Just before it became a major issue here, Jim Braude
asked me on New England Cable News what I thought of illegal
I was startled by the question and said the first thing that came to my
mind: "What part of illegal doesn't everyone understand?"
I recall that Jim was in turn startled by my response, as if it didn't
make sense to him. Since then, many other people have asked that
question, which Jim last week termed idiotic.
This could just be a case of the usual misunderstanding between liberals
and conservatives, who speak different languages and operate from
different basic principles. But almost everyone I know gets the point of
the question "What part of illegal don't you understand?"
At least one conservative, however, President George W. Bush, does not
seem to get it at all. What is going on here?
The federal government finally woke up and recently raided a New Bedford
company that was hiring, and allegedly abusing, illegal immigrants. Some
of them were taken out of state and separated from their children, in
preparation for being sent back to their countries of origin. Now we
have to listen to the professional liberals bemoaning the inhumanity of
rounding up the illegals.
There was a time when most of us would have felt terrible, or at least
sad, for these people and their children. But after having our concerns
about uncontrolled immigration ignored; after being forced to pay for
services for the illegals; after hearing from people who had to wait for
treatment in emergency rooms, regardless of how much they've paid in
health insurance premiums, while illegals get free care first - many of
us do not care.
Americans have welcomed legal immigrants, who have melted happily
together in the pot for centuries. But then our government decided to
abuse our generosity and sense of fairness. Legal and illegal immigrants
alike began complaining about our "racism" and increasing their demands
for taxpayer assistance. Now many of us hear the sad stories about
illegal immigrants being sent home, and we do not care -- because we see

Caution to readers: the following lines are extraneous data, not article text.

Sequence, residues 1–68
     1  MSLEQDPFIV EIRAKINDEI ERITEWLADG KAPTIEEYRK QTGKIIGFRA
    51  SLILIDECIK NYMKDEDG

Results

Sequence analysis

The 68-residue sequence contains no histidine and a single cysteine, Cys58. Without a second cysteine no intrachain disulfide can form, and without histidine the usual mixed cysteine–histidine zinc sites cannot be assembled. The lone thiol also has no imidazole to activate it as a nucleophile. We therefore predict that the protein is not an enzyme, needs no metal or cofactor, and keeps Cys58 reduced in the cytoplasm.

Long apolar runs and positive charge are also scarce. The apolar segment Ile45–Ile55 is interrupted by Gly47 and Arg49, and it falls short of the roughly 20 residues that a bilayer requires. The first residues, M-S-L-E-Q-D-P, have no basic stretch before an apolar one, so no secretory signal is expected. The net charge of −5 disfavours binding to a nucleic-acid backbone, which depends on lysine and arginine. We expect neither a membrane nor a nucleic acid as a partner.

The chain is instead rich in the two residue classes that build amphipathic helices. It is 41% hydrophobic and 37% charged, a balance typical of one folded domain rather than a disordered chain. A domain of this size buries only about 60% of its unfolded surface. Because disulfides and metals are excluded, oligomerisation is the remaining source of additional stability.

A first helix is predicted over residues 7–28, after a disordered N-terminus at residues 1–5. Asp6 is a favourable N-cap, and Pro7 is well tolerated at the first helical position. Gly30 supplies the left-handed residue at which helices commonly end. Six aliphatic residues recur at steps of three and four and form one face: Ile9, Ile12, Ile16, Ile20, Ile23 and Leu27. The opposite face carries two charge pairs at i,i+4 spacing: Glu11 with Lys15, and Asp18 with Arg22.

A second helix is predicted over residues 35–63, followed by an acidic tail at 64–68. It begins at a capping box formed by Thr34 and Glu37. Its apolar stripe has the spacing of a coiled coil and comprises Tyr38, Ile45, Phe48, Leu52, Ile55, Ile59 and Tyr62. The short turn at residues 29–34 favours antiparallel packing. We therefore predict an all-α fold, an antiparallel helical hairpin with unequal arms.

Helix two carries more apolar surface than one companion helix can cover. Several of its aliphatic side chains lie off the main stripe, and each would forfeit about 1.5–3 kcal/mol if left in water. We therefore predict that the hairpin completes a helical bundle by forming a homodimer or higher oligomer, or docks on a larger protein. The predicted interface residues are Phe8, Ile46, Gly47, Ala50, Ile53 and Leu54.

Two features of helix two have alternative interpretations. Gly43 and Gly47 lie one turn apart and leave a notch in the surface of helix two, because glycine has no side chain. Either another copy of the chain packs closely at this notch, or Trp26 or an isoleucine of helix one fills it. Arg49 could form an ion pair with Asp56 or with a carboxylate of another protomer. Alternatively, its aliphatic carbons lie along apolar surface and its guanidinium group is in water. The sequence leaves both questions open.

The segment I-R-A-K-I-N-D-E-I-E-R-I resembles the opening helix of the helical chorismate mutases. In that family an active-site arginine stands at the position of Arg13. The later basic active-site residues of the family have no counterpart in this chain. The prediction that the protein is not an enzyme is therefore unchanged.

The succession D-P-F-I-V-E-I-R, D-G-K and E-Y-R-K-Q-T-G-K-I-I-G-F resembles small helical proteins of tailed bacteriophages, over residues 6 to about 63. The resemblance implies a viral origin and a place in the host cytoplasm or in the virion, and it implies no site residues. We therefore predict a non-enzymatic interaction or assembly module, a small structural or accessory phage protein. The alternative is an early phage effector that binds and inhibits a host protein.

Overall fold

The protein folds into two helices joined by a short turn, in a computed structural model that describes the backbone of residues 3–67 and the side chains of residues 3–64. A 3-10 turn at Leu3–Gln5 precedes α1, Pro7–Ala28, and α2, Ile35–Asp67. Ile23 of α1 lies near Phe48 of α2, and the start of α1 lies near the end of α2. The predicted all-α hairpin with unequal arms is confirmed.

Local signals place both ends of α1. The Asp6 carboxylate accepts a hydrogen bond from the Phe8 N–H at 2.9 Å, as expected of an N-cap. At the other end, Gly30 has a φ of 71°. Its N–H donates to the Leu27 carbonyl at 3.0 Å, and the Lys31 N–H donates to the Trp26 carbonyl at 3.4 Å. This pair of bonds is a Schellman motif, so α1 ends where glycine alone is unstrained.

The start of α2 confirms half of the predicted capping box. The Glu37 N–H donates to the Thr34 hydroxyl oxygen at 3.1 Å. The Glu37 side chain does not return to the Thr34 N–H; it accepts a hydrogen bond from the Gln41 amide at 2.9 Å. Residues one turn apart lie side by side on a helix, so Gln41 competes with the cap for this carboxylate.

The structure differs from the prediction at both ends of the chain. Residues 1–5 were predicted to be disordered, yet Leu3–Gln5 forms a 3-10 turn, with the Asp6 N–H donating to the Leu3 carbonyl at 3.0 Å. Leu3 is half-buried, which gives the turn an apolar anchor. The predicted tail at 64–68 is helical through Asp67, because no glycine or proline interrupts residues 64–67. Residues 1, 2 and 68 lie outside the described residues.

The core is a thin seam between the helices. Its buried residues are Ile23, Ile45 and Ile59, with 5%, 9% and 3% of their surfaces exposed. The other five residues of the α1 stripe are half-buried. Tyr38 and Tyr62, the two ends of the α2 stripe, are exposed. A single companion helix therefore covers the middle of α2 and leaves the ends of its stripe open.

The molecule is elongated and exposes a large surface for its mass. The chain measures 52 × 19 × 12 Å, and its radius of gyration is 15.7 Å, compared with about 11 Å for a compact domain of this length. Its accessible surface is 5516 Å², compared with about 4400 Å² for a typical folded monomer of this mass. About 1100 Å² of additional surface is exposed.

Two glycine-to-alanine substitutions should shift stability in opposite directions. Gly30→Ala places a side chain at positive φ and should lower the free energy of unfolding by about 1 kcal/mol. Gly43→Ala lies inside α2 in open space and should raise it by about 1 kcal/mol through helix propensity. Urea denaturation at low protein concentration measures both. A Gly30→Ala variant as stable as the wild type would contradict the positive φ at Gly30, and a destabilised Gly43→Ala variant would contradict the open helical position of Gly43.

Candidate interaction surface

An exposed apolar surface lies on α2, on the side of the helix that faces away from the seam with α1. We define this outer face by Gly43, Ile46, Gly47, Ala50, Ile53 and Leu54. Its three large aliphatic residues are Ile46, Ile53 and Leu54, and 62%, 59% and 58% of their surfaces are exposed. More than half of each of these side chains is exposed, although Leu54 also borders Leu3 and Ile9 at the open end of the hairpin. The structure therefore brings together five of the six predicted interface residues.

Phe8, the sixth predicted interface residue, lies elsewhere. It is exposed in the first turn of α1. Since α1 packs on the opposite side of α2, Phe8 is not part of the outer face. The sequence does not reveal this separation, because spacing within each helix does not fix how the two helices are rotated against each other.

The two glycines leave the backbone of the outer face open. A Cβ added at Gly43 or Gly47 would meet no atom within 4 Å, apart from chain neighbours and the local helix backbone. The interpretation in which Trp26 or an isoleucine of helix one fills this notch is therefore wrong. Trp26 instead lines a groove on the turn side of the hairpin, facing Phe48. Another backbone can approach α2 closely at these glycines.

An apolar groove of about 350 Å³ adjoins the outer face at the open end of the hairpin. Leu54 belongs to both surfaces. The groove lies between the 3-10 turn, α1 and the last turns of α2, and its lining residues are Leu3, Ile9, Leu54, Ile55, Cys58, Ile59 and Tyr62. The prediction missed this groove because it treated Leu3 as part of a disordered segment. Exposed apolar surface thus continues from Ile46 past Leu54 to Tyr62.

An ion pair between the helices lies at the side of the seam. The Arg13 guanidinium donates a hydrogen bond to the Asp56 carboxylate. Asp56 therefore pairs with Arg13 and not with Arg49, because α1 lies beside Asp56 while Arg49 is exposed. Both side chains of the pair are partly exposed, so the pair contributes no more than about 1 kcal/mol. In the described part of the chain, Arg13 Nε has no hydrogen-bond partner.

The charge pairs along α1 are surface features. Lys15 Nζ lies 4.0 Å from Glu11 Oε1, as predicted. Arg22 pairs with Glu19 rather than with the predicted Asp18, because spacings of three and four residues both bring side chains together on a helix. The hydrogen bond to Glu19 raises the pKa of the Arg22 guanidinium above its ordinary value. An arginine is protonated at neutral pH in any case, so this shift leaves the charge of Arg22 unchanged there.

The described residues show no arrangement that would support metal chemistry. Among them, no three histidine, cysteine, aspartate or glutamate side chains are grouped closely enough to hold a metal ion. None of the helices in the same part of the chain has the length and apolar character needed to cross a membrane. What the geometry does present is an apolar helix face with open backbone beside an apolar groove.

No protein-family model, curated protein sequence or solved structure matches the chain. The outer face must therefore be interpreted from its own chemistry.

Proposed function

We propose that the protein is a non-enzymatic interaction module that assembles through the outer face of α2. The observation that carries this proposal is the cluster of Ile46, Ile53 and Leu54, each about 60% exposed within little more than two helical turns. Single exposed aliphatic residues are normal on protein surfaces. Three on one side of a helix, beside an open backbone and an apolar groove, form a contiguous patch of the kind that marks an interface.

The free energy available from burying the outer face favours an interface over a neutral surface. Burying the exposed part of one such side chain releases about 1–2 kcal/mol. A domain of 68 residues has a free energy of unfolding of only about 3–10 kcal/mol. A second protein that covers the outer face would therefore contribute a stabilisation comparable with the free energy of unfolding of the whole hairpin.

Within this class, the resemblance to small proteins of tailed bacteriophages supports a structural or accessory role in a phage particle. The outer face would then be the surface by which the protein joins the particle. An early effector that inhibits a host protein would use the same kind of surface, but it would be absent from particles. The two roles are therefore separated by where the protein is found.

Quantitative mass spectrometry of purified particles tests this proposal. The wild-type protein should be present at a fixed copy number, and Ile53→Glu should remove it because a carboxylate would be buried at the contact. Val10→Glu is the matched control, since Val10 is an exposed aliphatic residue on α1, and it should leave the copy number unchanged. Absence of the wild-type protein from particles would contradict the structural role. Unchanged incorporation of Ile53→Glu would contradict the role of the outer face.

the big picture.
This event changes the message that goes out to other countries, which
has been "Jump the line, come here illegally, lie, cheat and steal from
American taxpayers, and you may eventually get amnesty despite those
Now it is, "Come here illegally, and you risk being raided, cuffed,
separated from your children and deported."
Liberals are complaining that the factory owners were charged and set
free while the illegals had to stay in jail. Yes, that is one of the
advantages of being an American citizen - you have rights. I hope the
owners will be properly convicted, pay huge fines and lose their opulent
Bottom line, though: The fault lies not with the businesses who try to
function with no help from clear government enforcement mechanisms, or
with the poor people who want a better life for their families; it lies
with a government that has allowed, encouraged and even abetted this.
The debate over illegal immigration is not just about the usual liberal
entitlements, or conservatives' defense of businesses that want cheap
labor, or labor unions and politicians counting future votes. This issue
is about our survival as a nation.
There has been a
lecture circulating on the Web by Roy Beck of Numbers U.S.A
Education and Research. He shows his audience charts of our past
immigration patterns, with projected increases, all of which are
manageable. Then he shows the charts of what is actually happening, the
steeply ascending numbers of the U.S. population into the near future.
As the numbers double, so does the need for roads, housing and schools,
not to mention the dire environmental consequences of a fast-growing
Though sticking mainly to the indisputable numbers, Mr. Beck takes a
moment to address the concerns for the many third-world people who want
to come here. He said that while 25 percent of recent immigrants were
from our neighbor to the south, there are 4.6 billion people living in
nations more impoverished than Mexico. Then he shows us a gumball, which
represents a million of them - or the number coming into this country
each year. Then he drops it into a rounded glass, labeled the U.S.A.
Next he brings out a huge jar filled with gumballs, representing the 4.6
billion. He moves a few more gumballs to the U.S.A.
But then he brings out another glass, containing gumballs representing
the new births in those impoverished nations. And he pours them into the
huge jar, which then overflows all over the stage. And he points out the
obvious: We cannot take them all. The gumballs must stay in their own
Perhaps, Beck says, we as a nation can assist them with some of their
problems, but we can't bring them here.
Birth control comes to my mind, but gee, there in the middle of this
immigration conversation is my former religion, the one that says birth
control is a sin and good Catholics must support more immigration. Two
questions for the Catholic Church and our national politicians: How many
gumballs can fit into the Vatican and Washington D.C.; and, what part of
illegal don't you understand?
Prepare to be stunned by:
IMMIGRATION BY THE NUMBERS
By Ron Beck
Barbara Anderson is executive director of Citizens
for Limited Taxation. Her column appears weekly in the Salem News and
Eagle Tribune, and often in the Newburyport Times, Gloucester Times, and
Lowell Sun; bi-weekly in the Tinytown Gazette; and occasionally in the
Providence (RI) Journal and other newspapers.